The human body is designed to automatically react to stress in order to protect you from potential dangers and aggressors. In today’s world, we face many stressful situations, be it work pressure, caring for your family, or paying the bills. The higher your frustration or stress levels, the more your body would feel under attack.
The release of cortisol helps the body to manage these obstacles and plays a vital role in regulating many bodily functions. However, if the level of cortisol isn’t maintained, then it can create havoc on your body.
Over the years working 2-3 jobs at once while prepping for competitions, I know firsthand how hard it can be to manage stress and regulate cortisol. This article will help you to understand what Cortisol is and how it affects your body to help you achieve your best physique!
What is Cortisol?
It is a hormone that is released by the adrenal glands, typically during stressful situations. When cortisol is released in your bloodstream, it can affect various parts of your body and assist with:
- Responding to danger or stress
- Enhancing the glucose metabolism of your body
- Controlling your blood pressure
- Decreasing inflammation
This hormone is required for your body’s fight or flight response, which is a natural and healthy reaction to any danger or threat. The amount of cortisol, which is produced, has to be regulated by your body to make sure the balance is right.
Cortisol is highly significant for your health, but its elevated amount can cause major health issues. When a perceived threat is encountered, the hypothalamus, which is a small region in your brain, alerts your body.
With a mixture of hormonal and nerve signals, your body’s internal alarm system alerts the adrenal glands to release hormones, including cortisol and adrenaline.
Adrenaline enhances the rate of your heart, increases energy supplies and the blood pressure. Cortisol enhances the supply of sugars (glucose) in your bloodstream, and increases the usage of glucose by your brain, while also promoting the substances needed for tissue repair.
This stress hormone restricts the usage of various functions that are detrimental or non-essential during a fight or flight mode. It affects the responses of your immune system and restrains your digestive system, the growth processes, and the reproductive system. Your internal alarm system also interacts with your brain, which manages fear, motivation, and mood.
Cortisol’s Effect on the Body
This response to stress is a normal reaction of your body. When the threat or danger has passed, the levels of hormones become normal once again. As the levels of cortisol and adrenaline drops, your blood pressure and heart rate return to their normal levels, and other functions of your body resume their usual activities.
However, if you are constantly under stress or feel under attack, this fight or flight response is constantly switched on. The overexposure of cortisol and prolonged fight or flight reaction can be harmful to your overall health and result in a number of health issues, including:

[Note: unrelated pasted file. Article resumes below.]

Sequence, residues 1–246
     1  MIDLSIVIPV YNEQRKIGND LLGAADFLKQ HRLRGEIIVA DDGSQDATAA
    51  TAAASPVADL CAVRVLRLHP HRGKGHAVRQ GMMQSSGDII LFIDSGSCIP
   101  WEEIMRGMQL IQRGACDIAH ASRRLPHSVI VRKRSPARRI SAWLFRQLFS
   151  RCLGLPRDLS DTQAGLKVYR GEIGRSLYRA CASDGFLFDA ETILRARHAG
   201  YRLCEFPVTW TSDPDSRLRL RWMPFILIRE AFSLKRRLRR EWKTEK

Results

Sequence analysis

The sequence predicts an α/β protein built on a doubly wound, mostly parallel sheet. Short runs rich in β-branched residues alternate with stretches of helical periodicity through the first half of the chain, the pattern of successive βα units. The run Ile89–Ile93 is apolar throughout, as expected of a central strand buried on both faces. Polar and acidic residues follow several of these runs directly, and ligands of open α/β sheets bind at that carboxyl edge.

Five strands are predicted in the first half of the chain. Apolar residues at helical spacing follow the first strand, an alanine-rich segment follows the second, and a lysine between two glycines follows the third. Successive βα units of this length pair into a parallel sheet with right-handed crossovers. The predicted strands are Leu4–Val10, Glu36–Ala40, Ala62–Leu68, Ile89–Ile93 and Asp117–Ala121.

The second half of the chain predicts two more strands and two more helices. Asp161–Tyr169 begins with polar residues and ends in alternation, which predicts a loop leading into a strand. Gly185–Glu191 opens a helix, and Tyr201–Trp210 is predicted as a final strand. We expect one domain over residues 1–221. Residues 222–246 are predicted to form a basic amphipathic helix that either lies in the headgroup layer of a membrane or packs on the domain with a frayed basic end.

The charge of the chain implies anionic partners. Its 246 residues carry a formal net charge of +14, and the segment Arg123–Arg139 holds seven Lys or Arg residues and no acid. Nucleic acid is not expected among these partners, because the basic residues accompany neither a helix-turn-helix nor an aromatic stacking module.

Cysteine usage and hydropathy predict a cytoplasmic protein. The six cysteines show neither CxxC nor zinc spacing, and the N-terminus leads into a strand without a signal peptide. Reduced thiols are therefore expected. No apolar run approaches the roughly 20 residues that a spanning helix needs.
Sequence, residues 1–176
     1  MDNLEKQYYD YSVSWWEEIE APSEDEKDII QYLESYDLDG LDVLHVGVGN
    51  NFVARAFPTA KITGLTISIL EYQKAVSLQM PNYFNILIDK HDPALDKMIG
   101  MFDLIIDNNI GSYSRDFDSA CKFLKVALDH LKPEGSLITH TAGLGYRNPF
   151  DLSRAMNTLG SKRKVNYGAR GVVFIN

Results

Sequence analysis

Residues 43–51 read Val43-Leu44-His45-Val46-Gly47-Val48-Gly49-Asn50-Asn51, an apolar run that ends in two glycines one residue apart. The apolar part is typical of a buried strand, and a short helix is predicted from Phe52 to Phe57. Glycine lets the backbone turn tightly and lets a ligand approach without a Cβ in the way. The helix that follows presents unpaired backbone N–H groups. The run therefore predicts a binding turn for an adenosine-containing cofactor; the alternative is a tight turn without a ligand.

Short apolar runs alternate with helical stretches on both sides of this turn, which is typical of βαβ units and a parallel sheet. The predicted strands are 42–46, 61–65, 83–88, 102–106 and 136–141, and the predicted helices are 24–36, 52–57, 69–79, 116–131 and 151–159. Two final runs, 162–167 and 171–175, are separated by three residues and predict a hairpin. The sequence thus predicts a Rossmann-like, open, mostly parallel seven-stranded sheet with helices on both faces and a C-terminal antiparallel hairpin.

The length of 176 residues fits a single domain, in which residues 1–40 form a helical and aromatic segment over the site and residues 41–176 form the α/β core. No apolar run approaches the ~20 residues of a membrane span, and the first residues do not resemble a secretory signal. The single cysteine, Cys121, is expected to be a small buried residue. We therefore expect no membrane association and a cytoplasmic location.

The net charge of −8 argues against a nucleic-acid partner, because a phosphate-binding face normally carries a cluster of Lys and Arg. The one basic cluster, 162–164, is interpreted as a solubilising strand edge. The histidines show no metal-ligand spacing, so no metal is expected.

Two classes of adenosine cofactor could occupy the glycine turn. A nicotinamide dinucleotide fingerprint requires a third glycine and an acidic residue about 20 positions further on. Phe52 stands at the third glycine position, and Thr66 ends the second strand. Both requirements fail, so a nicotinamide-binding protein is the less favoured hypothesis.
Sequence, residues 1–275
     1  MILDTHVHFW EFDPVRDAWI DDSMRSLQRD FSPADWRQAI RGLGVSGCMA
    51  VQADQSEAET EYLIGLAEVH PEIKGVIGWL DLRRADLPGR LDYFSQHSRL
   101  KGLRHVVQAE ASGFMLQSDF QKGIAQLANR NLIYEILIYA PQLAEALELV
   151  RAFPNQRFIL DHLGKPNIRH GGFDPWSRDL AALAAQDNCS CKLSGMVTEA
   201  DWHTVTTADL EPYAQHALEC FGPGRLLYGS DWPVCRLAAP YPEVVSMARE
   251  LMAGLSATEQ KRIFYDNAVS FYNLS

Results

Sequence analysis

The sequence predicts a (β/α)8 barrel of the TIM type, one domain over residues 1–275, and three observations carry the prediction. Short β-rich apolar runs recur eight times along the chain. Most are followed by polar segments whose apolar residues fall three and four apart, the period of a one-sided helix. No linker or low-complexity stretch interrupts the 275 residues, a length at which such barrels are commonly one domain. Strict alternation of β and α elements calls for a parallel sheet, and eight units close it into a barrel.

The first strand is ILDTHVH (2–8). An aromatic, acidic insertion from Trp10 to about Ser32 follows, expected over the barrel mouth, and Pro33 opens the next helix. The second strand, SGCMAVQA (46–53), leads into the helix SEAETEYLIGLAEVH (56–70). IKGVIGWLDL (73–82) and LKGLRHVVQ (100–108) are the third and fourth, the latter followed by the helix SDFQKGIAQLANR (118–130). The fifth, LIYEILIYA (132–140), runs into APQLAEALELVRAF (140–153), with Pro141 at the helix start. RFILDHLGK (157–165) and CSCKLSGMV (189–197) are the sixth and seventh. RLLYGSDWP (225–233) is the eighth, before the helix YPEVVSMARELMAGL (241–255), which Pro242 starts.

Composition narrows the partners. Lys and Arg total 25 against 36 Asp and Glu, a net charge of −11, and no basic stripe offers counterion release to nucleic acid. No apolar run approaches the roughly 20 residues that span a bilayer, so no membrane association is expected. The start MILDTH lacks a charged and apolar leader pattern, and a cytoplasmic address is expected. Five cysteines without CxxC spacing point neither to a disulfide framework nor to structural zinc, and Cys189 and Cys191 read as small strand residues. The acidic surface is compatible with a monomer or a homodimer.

Diabetes and Imbalance of Blood Sugar
Cortisol increases the supply of glucose when your body is under stress, by raising your body’s protein store. This causes a surge in energy, which helps you deal with the perceived stressor. However, when your body is in constant stress, this results in elevated levels of blood sugar.
This means your risk for type 2 diabetes increases. The main aim of cortisol is preventing the insulin effect, thereby placing your body in an insulin-resistant state. Eventually, your pancreas starts struggling to keep up with the increased insulin demand, the levels of glucose in your bloodstream stay high and your cells don’t get a sufficient supply of sugar. If not treated, the cycle keeps happening and leads to major health issues.
Obesity and Weight Gain
Increased levels of cortisol result in weight gain mostly increased storage of visceral fat. Cortisol mobilizes triglycerides, which are stored in your body and transfer it to the visceral fat cells. It also encourages the development of adipocytes in mature fat cells. The higher the amount of cortisol produced in your body, the greater the amount of visceral fat cells.
Moreover, the continuously increased blood glucose and insulin suppression mean that your cells are starving for energy. This means your body keeps sending your brain hunger signals, which leads to overeating. The unused glucose is also eventually converted into body fat. Check out our recipe page which will help you with ideas on food to improve your health.
Elevated Cortisol and Your Body
Other ways cortisol can affect your body include:
- Impairment of concentration and memory
- Sleep issues
- Heart diseases
- Digestive issues
- Fertility issues
- Suppression of the immune system
- Thyroid disorder
All of these can significantly affect your body unless you maintain your stress levels, which restores the balance of cortisol so that all the functions of your body return to normal.
Managing Stress Levels
There are numerous ways you can manage your stress levels and maintain the right balance of cortisol in your body. Here are a few things you should try:
- Exercise regularly
- Maintain a healthy diet
- Get sufficient sleep
- Opt for meditation exercises like yoga, and deep breathing
- Make time for things you enjoy doing, like reading or watching movies
Cortisol is integral to the proper functioning of your body, but excessively high or low levels of this hormone can result in major health issues that can alter your body. If you are constantly under stress and are unable to lower your stress levels, it is important to seek professional help. Moreover, if you are experiencing constant health issues, you need to seek immediate medical attention. Visit our blog page to keep up to date and find out more about related topics on health and fitness.